Gyms and sports centres may be closed, but swimming outdoors is still possible, and more pools are now opening their outside facilities to the general public.
Until recently the Mirandabad in Amsterdam had been the only pool to remain open for outdoor swimming but its popularity is such that many local regulars have not been able to bag a spot.
‘I‘m not very happy about all the publicity because people from all over are coming and that means we are being pushed out,’ one swimmer told DutchNews.nl.
The good news for Amsterdammers is that the Noorderpark pool opened its doors on Monday, although at the moment of writing the queue for making a reservation had already risen to 342.
Some six pools in other regions, including the Aquacentrum in Den Helder, De Hoorn in Alphen aan de Rijn and De Kromme Nije in Krommenie have also opened or are in the process of doing so.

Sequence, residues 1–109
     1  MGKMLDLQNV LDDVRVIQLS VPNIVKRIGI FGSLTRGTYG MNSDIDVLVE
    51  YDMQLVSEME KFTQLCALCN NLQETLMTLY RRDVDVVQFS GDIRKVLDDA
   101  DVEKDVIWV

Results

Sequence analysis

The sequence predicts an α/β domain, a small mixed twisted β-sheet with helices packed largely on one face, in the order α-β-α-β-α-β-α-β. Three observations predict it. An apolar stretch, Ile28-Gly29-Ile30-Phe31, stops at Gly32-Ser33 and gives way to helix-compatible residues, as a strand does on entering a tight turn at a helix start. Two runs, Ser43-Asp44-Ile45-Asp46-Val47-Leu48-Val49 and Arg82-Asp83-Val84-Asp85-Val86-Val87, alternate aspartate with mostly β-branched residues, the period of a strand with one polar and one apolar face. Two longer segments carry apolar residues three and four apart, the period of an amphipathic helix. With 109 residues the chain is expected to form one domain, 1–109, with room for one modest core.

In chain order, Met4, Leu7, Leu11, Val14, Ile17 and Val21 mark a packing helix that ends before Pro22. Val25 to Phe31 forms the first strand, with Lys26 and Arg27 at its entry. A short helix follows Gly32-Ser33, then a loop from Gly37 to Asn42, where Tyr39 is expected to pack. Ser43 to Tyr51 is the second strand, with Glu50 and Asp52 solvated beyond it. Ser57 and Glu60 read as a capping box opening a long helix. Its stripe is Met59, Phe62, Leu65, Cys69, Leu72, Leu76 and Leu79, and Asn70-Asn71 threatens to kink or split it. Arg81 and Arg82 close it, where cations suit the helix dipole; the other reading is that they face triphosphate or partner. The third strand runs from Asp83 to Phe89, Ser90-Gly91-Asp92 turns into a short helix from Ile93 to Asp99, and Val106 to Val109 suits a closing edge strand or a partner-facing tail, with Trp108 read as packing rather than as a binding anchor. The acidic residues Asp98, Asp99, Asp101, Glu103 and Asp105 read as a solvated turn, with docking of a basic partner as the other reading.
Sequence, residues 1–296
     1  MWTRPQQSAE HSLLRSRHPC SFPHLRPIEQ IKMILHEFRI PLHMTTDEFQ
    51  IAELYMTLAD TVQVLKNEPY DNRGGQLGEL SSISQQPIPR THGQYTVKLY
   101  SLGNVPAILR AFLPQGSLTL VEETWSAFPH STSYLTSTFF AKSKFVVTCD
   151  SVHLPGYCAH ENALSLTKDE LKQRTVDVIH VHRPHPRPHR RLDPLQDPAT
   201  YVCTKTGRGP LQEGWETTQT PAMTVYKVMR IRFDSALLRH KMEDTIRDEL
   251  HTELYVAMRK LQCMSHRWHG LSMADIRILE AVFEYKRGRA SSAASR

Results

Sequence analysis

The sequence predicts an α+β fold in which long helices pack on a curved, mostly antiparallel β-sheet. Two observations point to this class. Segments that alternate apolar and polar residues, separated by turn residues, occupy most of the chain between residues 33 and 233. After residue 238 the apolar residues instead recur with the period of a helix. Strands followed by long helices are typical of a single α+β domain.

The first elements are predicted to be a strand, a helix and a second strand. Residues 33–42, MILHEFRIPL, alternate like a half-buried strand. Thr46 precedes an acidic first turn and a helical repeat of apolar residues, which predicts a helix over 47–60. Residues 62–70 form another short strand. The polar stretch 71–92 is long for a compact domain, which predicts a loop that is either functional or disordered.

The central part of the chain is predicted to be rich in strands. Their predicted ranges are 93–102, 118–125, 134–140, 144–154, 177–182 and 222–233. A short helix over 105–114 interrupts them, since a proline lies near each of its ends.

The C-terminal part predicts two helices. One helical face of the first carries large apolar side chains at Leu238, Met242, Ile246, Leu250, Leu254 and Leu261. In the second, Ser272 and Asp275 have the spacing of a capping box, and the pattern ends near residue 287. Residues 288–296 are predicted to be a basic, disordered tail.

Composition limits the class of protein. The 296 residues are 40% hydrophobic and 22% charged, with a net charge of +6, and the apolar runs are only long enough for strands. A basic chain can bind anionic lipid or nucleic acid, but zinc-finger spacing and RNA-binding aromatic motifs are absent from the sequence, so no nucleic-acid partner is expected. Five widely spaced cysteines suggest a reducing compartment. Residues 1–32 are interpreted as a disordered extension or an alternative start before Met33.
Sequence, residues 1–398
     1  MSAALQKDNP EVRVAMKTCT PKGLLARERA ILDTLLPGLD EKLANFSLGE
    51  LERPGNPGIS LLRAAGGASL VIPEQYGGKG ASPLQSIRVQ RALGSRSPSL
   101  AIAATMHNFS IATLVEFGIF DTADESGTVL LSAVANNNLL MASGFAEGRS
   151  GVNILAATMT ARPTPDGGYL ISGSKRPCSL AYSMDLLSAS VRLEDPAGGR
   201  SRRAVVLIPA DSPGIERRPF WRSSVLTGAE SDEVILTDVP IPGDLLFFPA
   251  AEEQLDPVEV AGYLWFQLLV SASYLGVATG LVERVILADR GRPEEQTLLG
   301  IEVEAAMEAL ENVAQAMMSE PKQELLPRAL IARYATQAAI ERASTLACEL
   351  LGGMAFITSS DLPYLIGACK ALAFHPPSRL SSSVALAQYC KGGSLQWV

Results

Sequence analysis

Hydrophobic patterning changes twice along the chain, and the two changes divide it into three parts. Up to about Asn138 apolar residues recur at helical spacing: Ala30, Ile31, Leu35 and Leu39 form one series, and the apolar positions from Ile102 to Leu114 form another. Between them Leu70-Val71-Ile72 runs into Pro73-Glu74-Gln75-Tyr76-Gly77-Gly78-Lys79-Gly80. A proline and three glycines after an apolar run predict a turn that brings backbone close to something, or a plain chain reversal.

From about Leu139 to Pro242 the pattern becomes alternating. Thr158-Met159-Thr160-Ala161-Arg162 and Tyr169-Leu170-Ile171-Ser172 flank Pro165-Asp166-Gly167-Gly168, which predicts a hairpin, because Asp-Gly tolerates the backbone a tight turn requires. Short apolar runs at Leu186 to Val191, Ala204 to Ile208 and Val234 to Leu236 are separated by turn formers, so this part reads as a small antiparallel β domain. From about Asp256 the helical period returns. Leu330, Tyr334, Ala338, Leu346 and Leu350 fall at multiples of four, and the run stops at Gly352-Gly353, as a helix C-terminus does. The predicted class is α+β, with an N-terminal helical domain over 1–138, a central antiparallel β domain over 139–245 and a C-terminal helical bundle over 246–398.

‘The pools have to be filled with water and that is a slow business,’ account manager Irma Duim of the Dutch swimming association KNZB told broadcaster NOS. ‘It has to go centimetre by centimetre otherwise the tiles crack. And then you have to heat it and put the right amount of chlorine in.’
Pools have to conform to a strict protocol which has to be approved by the council and the safety authorities. Swimmers can’t use the changing rooms, for instance, and they have to keep their distance in the lanes. Each swimmer is allowed an hour’s swim.
‘We are increasing the chlorine requirement up to the maximum allowed so we can be sure that if an infected swimmer goes into the water the virus won’t survive,’ Duim said.
There are some 80 pools with outdoor facilities in the Netherlands. ‘Some six have opened, as far as we know but the more pools open, the less people will have to travel. The best thing would be to have an open outdoor pool in every region,’ Duim said.
Not all pools want to open because they feel it will help spread coronavirus and because they are concerned for the safety of their staff. But, the swimming pool association said, swimming is a great and safe way to keep moving, particularly for people who have underlying conditions.